By Ruth Mantell, MarketWatch
WASHINGTON (MarketWatch) — Construction on new U.S. homes jumped in December to the highest rate in more than four years, with gains across the country, as well as in single-family homes and buildings, the U.S. Department of Commerce reported Thursday.
In the freshest data signaling a strengthening housing market, starts rose 12.1% in December to a seasonally adjusted annual rate of 954,000 — the highest level since June 2008.
“Overall, this report reinforces the current narrative of a positive growth momentum in the housing sector,” said Millan Mulraine, a macro strategist at TD Securities.
Economists polled by MarketWatch had expected U.S. housing starts to increase to a rate of 883,000 from an original estimate of 861,000 for November, on factors such as rising building permits and confidence among home builders, as well as relatively mild weather for the season. See economic calendar.
On Thursday, the government revised November’s rate to 851,000.
Starts rose 24.7% in the Midwest, 21.4% in the Northeast, 18.7% in the West and 3.8% in the South. By structure size, starts for single-family homes rose 8.1%, and increased 20.3% in buildings with at least two units.
While starts in December were up 37% from a year earlier, rates remain far below a bubble peak of almost 2.3 million in 2006.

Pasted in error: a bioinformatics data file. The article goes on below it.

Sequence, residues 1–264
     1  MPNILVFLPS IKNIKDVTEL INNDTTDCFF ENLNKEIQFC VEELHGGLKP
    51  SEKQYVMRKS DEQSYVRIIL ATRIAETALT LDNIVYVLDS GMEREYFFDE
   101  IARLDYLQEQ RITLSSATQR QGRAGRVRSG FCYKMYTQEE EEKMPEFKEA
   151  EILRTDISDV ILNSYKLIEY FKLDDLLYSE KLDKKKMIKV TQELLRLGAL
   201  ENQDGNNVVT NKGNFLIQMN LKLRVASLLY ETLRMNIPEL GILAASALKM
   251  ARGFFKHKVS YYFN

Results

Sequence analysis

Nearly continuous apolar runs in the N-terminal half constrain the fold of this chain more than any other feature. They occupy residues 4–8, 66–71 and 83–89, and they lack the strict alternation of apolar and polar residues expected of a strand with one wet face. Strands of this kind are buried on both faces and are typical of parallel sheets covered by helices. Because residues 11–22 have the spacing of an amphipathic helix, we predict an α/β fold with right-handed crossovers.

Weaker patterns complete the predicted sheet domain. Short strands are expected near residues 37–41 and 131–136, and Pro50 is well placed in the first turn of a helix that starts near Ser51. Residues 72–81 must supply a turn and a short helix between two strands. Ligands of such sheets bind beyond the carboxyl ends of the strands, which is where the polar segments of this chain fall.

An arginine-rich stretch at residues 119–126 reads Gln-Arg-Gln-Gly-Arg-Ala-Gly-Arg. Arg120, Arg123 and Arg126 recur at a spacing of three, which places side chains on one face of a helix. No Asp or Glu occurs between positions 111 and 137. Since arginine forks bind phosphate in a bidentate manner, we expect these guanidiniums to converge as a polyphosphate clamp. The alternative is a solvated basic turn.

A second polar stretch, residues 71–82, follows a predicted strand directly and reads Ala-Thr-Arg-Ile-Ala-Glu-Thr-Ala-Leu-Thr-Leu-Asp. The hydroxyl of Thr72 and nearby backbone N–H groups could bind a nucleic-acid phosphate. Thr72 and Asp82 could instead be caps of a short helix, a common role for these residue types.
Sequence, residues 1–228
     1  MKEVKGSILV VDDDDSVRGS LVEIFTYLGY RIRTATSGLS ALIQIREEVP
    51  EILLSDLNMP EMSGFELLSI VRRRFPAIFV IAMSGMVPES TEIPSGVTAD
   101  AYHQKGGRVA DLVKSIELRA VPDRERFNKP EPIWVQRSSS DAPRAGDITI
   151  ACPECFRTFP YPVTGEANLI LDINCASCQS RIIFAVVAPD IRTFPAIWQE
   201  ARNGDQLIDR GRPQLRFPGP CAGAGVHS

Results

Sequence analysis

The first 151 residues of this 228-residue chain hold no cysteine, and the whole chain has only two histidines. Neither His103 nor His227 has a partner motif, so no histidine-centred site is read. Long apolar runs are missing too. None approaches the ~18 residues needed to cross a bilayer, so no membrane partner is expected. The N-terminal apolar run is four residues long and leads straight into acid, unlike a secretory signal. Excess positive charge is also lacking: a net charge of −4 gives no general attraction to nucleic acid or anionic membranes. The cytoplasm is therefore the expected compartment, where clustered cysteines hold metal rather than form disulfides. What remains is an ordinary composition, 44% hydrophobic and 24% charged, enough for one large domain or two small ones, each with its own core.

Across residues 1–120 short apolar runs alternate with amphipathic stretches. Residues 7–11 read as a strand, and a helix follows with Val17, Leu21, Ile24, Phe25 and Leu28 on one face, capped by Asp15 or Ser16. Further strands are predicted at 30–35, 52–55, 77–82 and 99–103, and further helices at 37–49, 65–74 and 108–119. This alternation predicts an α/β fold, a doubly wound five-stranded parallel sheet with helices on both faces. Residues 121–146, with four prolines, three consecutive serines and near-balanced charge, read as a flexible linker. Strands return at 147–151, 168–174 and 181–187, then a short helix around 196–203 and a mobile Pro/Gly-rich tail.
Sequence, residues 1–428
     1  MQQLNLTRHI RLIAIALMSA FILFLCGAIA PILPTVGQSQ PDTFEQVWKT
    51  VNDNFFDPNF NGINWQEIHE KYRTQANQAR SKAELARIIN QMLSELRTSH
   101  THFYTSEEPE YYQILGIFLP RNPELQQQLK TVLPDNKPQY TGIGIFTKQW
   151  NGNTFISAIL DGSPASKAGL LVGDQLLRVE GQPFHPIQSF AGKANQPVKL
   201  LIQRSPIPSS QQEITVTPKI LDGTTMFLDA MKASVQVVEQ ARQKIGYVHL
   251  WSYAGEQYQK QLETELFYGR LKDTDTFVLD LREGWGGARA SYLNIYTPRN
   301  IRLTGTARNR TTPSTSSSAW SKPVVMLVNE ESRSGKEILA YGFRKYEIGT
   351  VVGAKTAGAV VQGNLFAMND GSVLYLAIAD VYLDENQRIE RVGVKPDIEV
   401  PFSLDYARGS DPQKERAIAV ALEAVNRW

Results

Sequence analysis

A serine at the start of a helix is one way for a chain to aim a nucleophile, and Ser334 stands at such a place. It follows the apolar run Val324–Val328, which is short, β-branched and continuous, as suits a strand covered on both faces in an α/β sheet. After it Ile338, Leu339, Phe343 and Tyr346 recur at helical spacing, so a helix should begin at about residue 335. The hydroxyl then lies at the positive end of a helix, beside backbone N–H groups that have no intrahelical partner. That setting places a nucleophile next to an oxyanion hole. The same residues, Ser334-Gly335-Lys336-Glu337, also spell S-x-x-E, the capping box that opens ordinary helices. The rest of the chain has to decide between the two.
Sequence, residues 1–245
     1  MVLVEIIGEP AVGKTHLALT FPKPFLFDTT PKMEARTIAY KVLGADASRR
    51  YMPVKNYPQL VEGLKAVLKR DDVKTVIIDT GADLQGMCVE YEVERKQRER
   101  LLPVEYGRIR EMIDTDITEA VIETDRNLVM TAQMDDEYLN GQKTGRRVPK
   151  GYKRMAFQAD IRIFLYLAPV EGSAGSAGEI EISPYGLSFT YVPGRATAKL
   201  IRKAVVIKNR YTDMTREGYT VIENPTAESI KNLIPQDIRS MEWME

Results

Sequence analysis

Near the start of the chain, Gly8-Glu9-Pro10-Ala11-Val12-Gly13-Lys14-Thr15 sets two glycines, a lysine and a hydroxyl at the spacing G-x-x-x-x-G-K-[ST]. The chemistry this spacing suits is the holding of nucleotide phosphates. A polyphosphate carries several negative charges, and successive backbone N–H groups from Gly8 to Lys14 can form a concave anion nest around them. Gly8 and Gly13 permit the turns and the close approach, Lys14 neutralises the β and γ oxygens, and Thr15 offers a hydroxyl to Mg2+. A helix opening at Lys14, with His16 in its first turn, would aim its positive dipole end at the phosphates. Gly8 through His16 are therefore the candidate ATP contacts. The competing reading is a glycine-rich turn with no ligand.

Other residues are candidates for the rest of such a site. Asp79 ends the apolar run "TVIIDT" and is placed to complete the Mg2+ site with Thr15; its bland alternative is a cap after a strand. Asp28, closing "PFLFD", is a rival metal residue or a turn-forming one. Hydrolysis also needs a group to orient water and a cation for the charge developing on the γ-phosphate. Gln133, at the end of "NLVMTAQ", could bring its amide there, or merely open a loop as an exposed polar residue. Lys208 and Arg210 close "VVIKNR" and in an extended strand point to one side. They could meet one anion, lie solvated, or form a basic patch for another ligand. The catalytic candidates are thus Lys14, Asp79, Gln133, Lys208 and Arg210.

Meanwhile, building permits, a sign of future demand, rose 0.3% in December to a rate of 903,000 — the highest rate since July 2008. Permits for single-family homes rose 1.8% to a rate of 578,000, while permits for structures with at least two units declined 2.1% to a rate of 325,000. The lower growth in permits means that starts could slow down in coming months.
For all of 2012, the government estimated that there were 780,000 housing starts, the highest level since 2008 and up 28% from 2011.
Meanwhile, permits rose 30% to 813,000 in 2012, also the highest level since 2008. Housing completions rose 11% to 651,000 in 2012, the highest level since 2010.
An improving trend for housing starts echoes other recent housing data. Confidence among home builders is holding at a more-than-six-year peak, with more markets showing signs of recovery, a trade group said Wednesday. Read more about builder confidence.
Given gains in the housing market, analysts expect this component of the economy to increase its contribution to overall gross-domestic-product growth. “Housing is poised to provide a meaningful (and critical) lift to overall economic activity at a time when other growth drivers, like exports, are slowing,” Deutsche Bank analysts wrote in a Wednesday note.
An exchange-traded fund of home builders ITB +0.22% has increased 68% over the past 12 months. Indeed, home prices have been rising year-over-year, and the rate of price reductions in the U.S. is falling. Read more about home markdowns.
Mortgage rates hovering near record lows is supporting demand. However, analysts remain concerned about overly stringent lending standards, as well as fallout from ongoing fiscal uncertainty. Looking to spur lending, federal regulators have issued new rules on mortgages and servicing that they hope will provide some certainty to industry and borrowers.